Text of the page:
Another Snow Storm this year?

Esteban Serrano, Lead Editor

With the hard freeze expected tonight into the early morning hours, and the likeliness of it sticking around the next few days, many are panicking. School districts in and around San Antonio, including Central, have shut down until Friday, if not later. Roads are expected to be slippery, and furthermore, some are worried with flashbacks from 2021’s deadly winter storm. Questions have been lingering around the city and people are asking if it will happen again… could we potentially see snow, and what else could we expect from it?

KSAT 12 Meteorologist Sarah Spivey spoke with The Pep exclusively and shares what she and the weather team across the street from Central are monitoring with this current winter storm and the rest of the winter months.

“I’d say it was about a once-in-a-thirty year event,” is how Spivey describes last year’s deadly winter storm that managed to cover most if not all of Texas, especially San Antonio. Power supply-demand, controversy about ERCOT’s power grid, and houses without running water are just some of many memories people in South Texas will take with them into future years. “We actually had a foot of snow in the Eighties (1980s), in San Antonio as well,” Spivey says, “…so the thing that made this winter storm in February last year so bad was the fact that the power went out. Since the Eighties, we’ve had a lot more people move to Texas, we’ve had a lot more people use our power grid, the power grid was way stressed beyond what it even was back in the Eighties… So it’s not a once-in-a-lifetime event, and it’s definitely probably not the new normal… probably in another thirty years we’ll have something similar to what we saw in 2021.”

One might be wondering, “But wait, San Antonio experienced snow in late 2017.”¬† She says, “We had way more snow in 2021 than we had in 2017. Much colder temperatures, we got down to nine degrees at one point in San Antonio, and it’s the coldest we’ve been since the Eighties.” Spivey says the exact cause of last year’s storm was an arctic landmass while an upper-pressure system brought heavy snow.

“Oftentimes we’ll get one or the other,” she says. “The bulk that we will get (tomorrow) will not be what we had last year.”

The Farmer’s Almanac has been another choice of source and topic when it comes to “predicting” winter storms. Spivey is not a fan of the book herself. In fact, she wrote a research article on that explains its role in the 2021 winter storm. The article states that the book’s information is “vague,” and she elaborates. “The Farmer’s Almanac is EXTREMELY unreliable.” She continues, “It’s a horoscope for weather, where they put out these vague statements and then people interpret them as true or false- it’s called confirmation bias.” In other words, it’s similar to superstition. She describes it as a “coin toss” or “fifty-fifty chance” that whatever the almanac says, will actually happen. “That’s something to keep in mind too, as in meteorologists are correct eighty to ninety percent of the time.” Even with that, she explains how difficult it is to accurately predict these climate patterns, and the time span they must use in order to project any weather before it happens. “It’s actually impossible for us to forecast months out at a time- science just doesn’t allow for that yet. We can accurately forecast out about five to seven days, but even past five days, it’s a little iffy,” she says.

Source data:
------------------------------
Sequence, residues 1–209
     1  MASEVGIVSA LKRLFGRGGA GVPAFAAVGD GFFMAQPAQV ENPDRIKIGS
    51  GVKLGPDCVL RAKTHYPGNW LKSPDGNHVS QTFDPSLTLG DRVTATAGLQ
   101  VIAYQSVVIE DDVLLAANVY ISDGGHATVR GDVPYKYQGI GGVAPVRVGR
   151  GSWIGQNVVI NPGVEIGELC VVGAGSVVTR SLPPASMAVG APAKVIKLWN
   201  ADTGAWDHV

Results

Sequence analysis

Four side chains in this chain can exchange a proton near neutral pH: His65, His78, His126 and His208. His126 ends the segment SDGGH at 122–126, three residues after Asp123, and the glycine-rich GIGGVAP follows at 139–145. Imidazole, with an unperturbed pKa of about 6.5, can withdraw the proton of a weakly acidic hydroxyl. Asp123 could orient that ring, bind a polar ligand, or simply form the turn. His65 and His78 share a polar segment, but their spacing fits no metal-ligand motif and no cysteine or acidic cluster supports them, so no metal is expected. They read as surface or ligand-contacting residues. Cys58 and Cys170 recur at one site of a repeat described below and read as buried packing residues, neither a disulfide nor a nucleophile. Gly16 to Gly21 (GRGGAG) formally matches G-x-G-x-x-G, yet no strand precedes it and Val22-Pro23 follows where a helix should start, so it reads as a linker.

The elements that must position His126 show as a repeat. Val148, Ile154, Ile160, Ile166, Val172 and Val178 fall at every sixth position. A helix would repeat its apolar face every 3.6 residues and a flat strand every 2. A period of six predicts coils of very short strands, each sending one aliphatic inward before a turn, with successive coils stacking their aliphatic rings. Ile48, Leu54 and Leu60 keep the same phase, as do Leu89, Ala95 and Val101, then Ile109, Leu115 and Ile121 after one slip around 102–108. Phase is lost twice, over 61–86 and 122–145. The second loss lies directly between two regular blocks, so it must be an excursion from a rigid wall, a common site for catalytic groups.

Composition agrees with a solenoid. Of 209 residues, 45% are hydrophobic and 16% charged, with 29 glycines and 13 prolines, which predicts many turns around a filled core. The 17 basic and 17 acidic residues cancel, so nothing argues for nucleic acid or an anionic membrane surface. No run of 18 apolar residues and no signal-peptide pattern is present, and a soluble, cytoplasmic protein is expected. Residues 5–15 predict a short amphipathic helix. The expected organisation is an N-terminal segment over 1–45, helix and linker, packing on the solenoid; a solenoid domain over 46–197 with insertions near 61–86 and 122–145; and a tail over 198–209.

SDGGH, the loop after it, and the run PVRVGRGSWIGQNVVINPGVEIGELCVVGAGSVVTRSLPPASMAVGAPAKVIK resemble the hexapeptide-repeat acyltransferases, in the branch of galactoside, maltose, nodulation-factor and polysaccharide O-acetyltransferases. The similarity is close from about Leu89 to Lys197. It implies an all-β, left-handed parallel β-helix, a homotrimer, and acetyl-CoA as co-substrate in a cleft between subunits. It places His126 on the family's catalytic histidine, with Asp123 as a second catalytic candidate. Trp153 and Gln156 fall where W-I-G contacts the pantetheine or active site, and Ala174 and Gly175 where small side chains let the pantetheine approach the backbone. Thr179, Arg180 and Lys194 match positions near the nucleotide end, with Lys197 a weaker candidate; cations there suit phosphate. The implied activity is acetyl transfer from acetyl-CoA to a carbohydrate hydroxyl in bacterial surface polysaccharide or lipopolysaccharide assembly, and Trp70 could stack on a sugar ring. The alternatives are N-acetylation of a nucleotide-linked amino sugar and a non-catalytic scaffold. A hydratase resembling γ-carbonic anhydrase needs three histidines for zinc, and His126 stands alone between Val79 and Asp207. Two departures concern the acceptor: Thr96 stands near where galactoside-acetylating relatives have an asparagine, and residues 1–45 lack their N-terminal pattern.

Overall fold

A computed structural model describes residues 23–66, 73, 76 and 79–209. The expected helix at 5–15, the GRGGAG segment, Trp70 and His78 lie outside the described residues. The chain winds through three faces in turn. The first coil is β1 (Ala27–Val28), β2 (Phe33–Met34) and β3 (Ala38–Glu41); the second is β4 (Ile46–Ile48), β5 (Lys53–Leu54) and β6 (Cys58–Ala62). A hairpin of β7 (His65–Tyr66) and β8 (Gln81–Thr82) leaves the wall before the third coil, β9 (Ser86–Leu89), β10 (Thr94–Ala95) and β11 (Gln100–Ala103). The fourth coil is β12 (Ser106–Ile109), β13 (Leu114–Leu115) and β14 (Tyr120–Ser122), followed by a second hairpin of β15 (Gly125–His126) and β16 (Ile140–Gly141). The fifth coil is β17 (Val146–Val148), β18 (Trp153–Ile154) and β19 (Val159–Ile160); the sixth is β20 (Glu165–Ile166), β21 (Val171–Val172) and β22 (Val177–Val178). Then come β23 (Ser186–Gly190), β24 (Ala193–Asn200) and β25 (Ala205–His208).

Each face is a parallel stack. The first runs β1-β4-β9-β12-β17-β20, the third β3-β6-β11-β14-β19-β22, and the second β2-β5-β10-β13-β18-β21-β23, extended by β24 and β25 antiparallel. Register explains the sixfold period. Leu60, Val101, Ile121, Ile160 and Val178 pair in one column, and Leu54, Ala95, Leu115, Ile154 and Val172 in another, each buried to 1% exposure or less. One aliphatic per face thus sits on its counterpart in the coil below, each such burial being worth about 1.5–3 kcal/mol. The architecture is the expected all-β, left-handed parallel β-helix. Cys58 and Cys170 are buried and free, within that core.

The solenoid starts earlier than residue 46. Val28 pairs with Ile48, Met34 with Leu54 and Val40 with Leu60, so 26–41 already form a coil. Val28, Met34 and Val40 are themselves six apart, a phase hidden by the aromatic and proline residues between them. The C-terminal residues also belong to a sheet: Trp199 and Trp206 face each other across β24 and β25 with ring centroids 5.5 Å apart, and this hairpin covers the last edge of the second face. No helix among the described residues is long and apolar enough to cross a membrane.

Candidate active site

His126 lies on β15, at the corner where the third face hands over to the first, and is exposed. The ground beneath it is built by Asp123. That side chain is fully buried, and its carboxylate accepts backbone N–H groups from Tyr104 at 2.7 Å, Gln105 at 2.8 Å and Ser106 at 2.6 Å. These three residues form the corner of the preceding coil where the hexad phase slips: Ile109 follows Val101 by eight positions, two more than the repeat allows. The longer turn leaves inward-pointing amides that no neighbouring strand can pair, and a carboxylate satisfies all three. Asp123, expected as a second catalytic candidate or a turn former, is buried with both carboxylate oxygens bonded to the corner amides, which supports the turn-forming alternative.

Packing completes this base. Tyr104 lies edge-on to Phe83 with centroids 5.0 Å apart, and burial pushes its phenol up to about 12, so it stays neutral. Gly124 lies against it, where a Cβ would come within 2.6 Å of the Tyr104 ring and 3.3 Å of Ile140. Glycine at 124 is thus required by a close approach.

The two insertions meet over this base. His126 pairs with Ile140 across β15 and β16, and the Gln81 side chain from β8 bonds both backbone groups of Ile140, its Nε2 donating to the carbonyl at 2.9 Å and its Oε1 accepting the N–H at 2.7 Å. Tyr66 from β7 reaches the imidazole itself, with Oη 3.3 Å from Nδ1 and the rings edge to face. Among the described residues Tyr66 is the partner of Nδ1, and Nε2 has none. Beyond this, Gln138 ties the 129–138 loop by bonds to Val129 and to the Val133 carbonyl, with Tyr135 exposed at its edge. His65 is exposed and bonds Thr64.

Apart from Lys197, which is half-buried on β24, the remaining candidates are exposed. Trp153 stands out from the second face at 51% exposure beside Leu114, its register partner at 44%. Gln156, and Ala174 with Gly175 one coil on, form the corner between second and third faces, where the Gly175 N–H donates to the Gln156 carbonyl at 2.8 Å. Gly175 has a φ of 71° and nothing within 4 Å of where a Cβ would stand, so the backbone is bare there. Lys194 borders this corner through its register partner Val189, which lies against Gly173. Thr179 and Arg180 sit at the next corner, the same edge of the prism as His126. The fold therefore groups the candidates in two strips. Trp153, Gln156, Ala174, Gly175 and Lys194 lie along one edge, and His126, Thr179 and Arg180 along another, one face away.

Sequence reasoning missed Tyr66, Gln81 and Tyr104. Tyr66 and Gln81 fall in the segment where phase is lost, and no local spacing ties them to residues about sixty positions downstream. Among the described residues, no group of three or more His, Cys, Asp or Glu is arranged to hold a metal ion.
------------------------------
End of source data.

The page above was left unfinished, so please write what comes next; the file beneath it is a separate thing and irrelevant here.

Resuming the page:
Given there was such a warmer Christmas and really, the month of December this past year, some may wonder why the climate wasn’t as cool. So what about the topic of climate change? How does that, if any, play a factor in our weather patterns?- Spivey says without hesitation, “The climate is changing.” She says that while politics may skew everyone’s view about it, many scientific studies have been done to prove that it is true. “In general, global temperatures are getting warmer. In fact, they’ve gotten warmer since the Eighteen-hundreds, Nineteen-hundreds by about two degrees Celcius. The way I like to call it more so than global warming is like “global weirding.” She continues, “There are weird things that are starting to happen, and it’s not necessarily that we’ll have very warm weather… take for example the winter storm that happened last year. That was extremely cold weather… if the whole globe is warming, then the polar vortex will weaken more every now and then. We could actually have scenarios where extreme cold is caused by “global weirding.”

Spivey stresses while the wintry mix is a part of the forecast, she is almost certain this will not be a repeat of 2021. “It’s just some light icing on bridges and overpasses. Every year in San Antonio, we get a little light ice event. It’s just that, now people are a little shocked because of what happened last year. So any chance of snow or sleet or freezing rain is going to be scary for many folks now.”

So for the wintry mix the next couple of days, Spivey stresses to take caution on bridges and bypasses, but not to stress about the severity of the weather. She also says you can follow their coverage between now and the end of winter in late March on their KSAT Weather Authority App. Below are resources to her Farmer’s Almanac review, to get the full idea of her research.